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This is not just a photo of rocks. It’s a leadership metaphor.

As leaders, we’re predisposed to pay attention to our high and low performers and leave our consistent performers to carry on. 

That’s a mistake. Just like me almost missing the ptarmigan. 

This weekend I went for an amazing hike that showcased all of the beauty of Colorado in summer. As my sister-in-law and I were navigating along a trail cut into a steep slope, I was taking in the gorgeous valley below while trying not to misstep and slide down the mountain.

“Hey, check out this bird!” 

I turned around and tried to find what bird she was talking about. Finally, I noticed it, blending into the rocks around it: a ptarmigan (photo on right).

Its summer coloring worked well as camouflage–I was so focused on the beauty and potential peril around me that I walked within a foot or two of it and completely missed it.

My sister-in-law almost missed it too, except it hissed at her. As we stood there watching it and taking photos, it ran up the rocks and that’s when we noticed its two babies (hence the hissing).

My first ptarmigan and I almost missed it. Not the most stunning bird in the animal kingdom by any means, but an important participant in the Colorado ecosystem.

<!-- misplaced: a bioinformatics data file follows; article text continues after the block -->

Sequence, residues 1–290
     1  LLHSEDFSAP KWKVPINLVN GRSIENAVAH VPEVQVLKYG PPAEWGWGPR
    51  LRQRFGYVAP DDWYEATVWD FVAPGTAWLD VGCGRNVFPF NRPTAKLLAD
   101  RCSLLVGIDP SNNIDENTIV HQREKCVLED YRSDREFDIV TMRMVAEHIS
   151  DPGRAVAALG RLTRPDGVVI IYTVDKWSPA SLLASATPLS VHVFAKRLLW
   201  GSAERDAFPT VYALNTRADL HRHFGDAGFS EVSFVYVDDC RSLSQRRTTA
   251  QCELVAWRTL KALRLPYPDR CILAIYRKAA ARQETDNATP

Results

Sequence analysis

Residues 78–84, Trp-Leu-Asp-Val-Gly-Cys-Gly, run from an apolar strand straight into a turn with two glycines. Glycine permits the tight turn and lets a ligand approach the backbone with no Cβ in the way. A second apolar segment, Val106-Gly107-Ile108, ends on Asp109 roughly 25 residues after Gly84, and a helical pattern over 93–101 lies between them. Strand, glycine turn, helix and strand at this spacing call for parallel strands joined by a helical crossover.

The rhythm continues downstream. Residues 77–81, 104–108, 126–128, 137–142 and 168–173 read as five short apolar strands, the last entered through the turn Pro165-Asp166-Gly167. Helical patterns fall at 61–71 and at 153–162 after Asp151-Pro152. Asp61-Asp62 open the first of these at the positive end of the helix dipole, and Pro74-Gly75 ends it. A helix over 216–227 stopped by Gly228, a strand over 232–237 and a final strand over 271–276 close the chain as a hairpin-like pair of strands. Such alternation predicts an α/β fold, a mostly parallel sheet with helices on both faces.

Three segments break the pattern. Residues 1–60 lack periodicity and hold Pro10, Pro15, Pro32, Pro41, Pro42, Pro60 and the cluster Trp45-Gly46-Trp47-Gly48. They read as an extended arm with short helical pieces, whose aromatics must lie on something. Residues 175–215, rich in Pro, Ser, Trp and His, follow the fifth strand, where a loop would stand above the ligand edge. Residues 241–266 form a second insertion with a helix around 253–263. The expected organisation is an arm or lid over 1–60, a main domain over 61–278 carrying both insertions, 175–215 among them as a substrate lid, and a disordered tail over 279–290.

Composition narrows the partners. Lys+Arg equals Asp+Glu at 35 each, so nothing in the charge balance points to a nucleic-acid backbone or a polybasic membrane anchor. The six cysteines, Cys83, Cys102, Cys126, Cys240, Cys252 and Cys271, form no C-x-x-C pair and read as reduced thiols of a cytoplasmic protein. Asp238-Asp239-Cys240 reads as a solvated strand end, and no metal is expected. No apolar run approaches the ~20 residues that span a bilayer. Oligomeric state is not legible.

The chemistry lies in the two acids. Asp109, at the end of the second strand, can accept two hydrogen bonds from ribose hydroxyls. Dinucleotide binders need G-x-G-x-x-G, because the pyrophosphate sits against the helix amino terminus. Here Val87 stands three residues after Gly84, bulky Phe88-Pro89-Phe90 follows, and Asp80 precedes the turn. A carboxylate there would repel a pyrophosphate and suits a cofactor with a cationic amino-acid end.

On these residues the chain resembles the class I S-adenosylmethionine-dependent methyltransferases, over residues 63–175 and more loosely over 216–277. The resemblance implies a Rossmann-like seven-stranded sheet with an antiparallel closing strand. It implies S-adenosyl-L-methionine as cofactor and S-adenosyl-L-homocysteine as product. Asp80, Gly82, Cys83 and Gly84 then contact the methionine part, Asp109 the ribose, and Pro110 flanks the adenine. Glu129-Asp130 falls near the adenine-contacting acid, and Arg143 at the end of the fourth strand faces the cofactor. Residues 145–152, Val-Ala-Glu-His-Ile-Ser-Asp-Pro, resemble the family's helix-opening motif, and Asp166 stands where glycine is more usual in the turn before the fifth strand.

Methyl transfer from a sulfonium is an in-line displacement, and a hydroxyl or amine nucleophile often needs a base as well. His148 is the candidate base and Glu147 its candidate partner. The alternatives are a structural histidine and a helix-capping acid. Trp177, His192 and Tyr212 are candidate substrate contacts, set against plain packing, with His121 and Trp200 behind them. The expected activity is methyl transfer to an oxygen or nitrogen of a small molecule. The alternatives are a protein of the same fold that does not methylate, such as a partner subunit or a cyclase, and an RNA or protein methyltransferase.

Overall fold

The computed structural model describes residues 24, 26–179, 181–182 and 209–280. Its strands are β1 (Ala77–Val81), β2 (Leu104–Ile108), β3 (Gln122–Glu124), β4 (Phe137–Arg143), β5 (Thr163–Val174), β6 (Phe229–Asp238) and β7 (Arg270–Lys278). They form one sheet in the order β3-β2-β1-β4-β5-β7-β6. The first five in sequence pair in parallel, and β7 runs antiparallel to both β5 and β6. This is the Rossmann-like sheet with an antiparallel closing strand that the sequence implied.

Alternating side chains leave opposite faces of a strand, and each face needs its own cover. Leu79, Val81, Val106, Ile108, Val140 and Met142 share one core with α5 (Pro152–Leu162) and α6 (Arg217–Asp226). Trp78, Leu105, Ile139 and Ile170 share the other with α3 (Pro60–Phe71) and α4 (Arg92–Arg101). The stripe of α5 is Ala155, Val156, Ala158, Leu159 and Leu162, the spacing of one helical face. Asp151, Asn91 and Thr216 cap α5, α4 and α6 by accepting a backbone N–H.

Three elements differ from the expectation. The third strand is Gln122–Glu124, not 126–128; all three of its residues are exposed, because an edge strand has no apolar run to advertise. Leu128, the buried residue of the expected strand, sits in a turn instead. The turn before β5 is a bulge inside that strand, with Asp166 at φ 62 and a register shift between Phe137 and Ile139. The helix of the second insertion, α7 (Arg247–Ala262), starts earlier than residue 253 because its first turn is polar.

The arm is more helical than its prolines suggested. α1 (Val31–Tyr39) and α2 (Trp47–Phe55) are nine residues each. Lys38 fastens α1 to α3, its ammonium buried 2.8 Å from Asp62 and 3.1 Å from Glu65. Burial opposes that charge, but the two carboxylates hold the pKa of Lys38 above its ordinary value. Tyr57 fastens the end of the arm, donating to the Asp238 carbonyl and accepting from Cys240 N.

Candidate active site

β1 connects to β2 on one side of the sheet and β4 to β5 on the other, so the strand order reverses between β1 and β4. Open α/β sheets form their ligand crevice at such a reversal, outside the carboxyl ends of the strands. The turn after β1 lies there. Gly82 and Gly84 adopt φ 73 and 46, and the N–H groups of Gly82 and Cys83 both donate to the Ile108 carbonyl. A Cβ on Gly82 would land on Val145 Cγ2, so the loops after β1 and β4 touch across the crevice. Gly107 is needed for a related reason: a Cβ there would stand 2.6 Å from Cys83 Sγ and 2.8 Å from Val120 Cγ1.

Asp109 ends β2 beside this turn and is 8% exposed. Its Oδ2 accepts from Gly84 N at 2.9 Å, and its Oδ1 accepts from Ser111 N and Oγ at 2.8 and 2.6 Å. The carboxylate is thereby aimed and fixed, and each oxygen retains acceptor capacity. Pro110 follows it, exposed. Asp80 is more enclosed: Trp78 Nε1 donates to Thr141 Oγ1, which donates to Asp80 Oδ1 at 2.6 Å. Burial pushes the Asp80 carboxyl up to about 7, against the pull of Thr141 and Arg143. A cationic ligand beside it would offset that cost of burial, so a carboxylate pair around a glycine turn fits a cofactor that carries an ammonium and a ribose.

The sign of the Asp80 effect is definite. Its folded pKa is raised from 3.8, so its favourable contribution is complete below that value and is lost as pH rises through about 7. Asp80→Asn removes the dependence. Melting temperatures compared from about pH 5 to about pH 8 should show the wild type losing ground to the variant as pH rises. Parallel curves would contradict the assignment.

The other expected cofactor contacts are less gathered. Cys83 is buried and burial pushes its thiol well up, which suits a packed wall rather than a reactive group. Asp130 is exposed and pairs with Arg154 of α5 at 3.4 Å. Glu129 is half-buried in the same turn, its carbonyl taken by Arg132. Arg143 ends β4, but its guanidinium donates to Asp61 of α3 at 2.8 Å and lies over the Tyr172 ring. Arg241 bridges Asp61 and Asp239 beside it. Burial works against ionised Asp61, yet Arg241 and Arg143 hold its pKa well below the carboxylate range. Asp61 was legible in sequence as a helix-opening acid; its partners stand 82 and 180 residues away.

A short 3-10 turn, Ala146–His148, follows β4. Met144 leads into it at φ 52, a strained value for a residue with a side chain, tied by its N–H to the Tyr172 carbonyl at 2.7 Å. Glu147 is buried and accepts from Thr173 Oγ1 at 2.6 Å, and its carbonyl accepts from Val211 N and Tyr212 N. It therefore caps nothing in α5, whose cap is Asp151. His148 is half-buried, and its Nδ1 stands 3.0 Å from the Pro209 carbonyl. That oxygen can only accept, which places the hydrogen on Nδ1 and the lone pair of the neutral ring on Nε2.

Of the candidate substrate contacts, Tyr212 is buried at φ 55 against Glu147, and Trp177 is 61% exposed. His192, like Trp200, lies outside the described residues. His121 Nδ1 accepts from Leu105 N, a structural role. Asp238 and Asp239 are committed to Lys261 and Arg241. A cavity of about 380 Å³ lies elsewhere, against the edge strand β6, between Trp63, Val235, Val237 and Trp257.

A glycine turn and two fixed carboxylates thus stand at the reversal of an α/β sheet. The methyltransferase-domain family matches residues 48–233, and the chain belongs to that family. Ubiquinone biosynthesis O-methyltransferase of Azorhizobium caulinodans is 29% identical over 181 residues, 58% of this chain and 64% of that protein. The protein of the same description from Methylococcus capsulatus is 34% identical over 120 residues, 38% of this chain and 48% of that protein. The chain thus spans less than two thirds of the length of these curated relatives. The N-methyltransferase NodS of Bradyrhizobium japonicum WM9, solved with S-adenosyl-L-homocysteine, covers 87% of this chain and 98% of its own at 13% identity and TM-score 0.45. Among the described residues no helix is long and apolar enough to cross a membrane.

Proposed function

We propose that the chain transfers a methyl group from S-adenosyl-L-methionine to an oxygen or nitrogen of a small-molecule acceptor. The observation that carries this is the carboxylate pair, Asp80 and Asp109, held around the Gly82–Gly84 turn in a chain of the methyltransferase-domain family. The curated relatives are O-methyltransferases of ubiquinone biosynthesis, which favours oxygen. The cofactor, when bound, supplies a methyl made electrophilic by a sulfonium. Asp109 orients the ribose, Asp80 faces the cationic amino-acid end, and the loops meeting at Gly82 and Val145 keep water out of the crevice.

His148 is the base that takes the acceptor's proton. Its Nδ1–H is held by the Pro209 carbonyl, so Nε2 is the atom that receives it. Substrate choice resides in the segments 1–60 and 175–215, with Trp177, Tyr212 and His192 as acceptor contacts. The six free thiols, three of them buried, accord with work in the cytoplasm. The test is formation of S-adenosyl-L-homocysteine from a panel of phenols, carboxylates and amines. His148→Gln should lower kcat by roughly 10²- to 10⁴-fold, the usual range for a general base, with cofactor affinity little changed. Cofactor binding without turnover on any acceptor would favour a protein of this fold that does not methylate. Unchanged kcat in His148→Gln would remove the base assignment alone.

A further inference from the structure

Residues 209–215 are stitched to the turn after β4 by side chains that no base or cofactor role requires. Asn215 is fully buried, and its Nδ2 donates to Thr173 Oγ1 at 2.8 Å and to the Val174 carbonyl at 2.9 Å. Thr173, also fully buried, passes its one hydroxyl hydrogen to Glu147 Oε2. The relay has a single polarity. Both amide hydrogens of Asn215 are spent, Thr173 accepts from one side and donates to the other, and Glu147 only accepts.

Yep, there’s a leadership metaphor here. 

A great leader spends time on ALL of their people, regardless of the level of performance. What too commonly happens, however, is we focus on our people in this manner:

  • We pay the most attention to our top performers (the magnificent vistas) to keep them happy and engaged. They’re fun! They’re easy to manage! We want to see them continue to succeed!
  • We pay attention to our bottom performers (the perilous slope) to manage them up or out. If you ignore them and hope they’ll just go away, you have a different leadership issue that this metaphor can’t address.
  • We mostly ignore our consistent performers (the ptarmigans), assuming that they’re content and that they’ll keep on keepin’ on.

And then out of nowhere the consistent performers hiss at us to show their disengagement. They leave. They were the glue holding it all together, and now we wonder what we’re going to do.

A great leader balances time spent on ALL of their people, and should even expend a little extra effort with those consistent performers. Why? Because you never know when a little extra attention will turn those consistent performers into something special (ptarmigan babies!).

The (somewhat of a stretch) moral of this story: look for the ptarmigans on your team, and give them the attention they deserve.

If you’re looking for expert guidance on developing your leaders and teams, reach out. And let’s find time to chat!


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